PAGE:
In Washington, DC, a poignant installation honours victims of gun violence in America
According to the nonprofit research group, Gun Violence Archive, almost 40,000 Americans are killed by gun violence each year, a tragedy exacerbated by recent economic issues related to Covid-19. Staged within the National Building Museum in Washington, DC, The Gun Violence Memorial Project was conceived by American conceptual artist Hank Willis Thomas and Mass Design Group in partnership with gun violence prevention organisations Purpose Over Pain and Everytown for Gun Safety Support Fund. Free to the public, the poignant installation comprises four white houses, each constructed with 700 transparent glass bricks, a tribute to each person killed by guns each week in the US. The houses are already home to hundreds of personal artefacts, including photographs, baby shoes, graduation tassels and jewellery.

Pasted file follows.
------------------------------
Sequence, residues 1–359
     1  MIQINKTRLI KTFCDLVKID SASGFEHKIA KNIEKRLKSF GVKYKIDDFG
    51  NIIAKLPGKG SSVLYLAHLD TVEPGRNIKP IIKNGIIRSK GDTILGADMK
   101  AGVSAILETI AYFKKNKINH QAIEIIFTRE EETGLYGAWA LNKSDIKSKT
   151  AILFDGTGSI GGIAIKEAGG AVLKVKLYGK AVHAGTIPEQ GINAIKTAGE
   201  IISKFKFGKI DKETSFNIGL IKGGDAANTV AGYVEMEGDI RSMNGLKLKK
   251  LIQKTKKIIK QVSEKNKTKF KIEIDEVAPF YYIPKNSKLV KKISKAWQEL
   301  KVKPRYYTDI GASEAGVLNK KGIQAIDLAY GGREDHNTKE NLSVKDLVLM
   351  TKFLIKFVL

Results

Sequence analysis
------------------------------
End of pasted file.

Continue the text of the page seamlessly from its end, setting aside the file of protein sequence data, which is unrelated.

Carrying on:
Over time, cavities will be filled with deeply personal objects of remembrance donated by the families of victims. Using the design as a prototype, the ambition for the project is a permanent national memorial that pays tribute the lives of those killed by guns.
‘My family felt the effects of gun violence first hand when my cousin was murdered during a robbery in 2000,’ says Thomas, who is also artistic director of Songha & Company, a conceptual public art practice named after the artist’s cousin, Songha Thomas Willis. ‘My life, and by extension my artistic practice, has been influenced ever since.’
The exhibition will also display excerpts from Comes the Light, a forthcoming documentary film exploring the effects of gun violence created by Haroula Rose and Caryn Capotosto.
The Gun Violence Memorial Project will be on view physically and online until September 2022 and is presented in conjunction with ‘Justice is Beauty: The Work of Mass Design Group’, a timely new show surveying the work of the socially conscious nonprofit architecture firm.
‘As the recent tragic shootings in Colorado and Georgia sadly underscore, gun violence isn’t an abstract concept, but an epidemic that strikes every American community,’ said Brent D Glass, interim executive director of the National Building Museum.